[linux-elitists] How do you...

Hal Eisen eisen@dunhackin.org
Wed Apr 18 09:49:28 PDT 2007

On Wed, 2007-04-18 at 11:02 -0400, Greg Folkert wrote:
> A question to which only this list can answer. This a very serious
> question to me. Please 

I'll give you a two-fer...

> I have been recently looking for new job/contract/etc.
> Going through Monster, Dice, Hot-Jobs, M-Live, the local paper,
> recruiters, other "consulting" type firms, they all want a resume or CV
> in "Word" format, even for OS (*NIX) analysts or Network analysts,
> Infrastructure Engineers... all that kind of cruft. They all want *MS
> WORD* formats. RTF isn't acceptable either, I've tried.

(1) So don't do it.  Stick to your principles and only use the tools you
feel comfortable using.  In my [1] experience, those organizations that
require MS Word resumes are organizations that I wouldn't want to work
with in the first place.  They are too mainstream and too hide-bound.
If the job sounds particularly interesting anyway, go ahead and send an
HTML or a PDF and see if they'll take it - many people do.

(2) Don't use Monster, Dice etc for job seeking.  Those routes all go
through gatekeepers whose job is to say "no" to applicants.  Bypass the
gatekeepers.  One way is to use your network.  Talk to every friend and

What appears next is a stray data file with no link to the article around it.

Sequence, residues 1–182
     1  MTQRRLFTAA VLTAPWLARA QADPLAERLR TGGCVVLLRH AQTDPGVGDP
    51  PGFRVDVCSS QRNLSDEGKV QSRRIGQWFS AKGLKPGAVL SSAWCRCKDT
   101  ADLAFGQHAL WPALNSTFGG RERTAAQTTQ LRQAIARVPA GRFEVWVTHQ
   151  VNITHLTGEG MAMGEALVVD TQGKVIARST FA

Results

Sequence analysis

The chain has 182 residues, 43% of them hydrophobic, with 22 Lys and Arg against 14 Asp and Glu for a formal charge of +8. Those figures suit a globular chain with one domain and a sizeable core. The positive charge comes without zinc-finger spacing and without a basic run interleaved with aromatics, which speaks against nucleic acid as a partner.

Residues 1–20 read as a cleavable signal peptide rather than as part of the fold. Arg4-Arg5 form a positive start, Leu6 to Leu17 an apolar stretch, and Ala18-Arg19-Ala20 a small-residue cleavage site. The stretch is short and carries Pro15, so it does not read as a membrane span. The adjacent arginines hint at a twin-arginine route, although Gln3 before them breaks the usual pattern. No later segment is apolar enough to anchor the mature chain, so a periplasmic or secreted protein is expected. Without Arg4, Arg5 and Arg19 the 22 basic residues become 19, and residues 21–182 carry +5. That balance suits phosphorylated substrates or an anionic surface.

colleague about what you are looking for.  Even if they don't know
something themselves, ask them for a reference to someone who would be
more likely to know about a job.  LinkedIn is often good for this.
Another way to get past the gatekeepers is to pick the company you want
to work at *first*, and then mount a serious campaign to get in the
door.  Stake out the Starbuck's near their office and identify who works
there and go introduce yourself.  Scan various email mailing lists for
people posting from the company and contact them directly. [2]

Good luck in your job quest!


[1] When I've been doing the hiring, I told my HR person to request HTML
and/or PDF files from the candidates.  Those who cannot produce resumes
in those file formats are less qualified to be engineers in my
organizations.  Of course, I've always worked in Unix/Linux shops.

[2] I got these ideas from "What Color Is Your Parachute" by Richard
Bolles.  I've gotten my last two jobs using these techniques.

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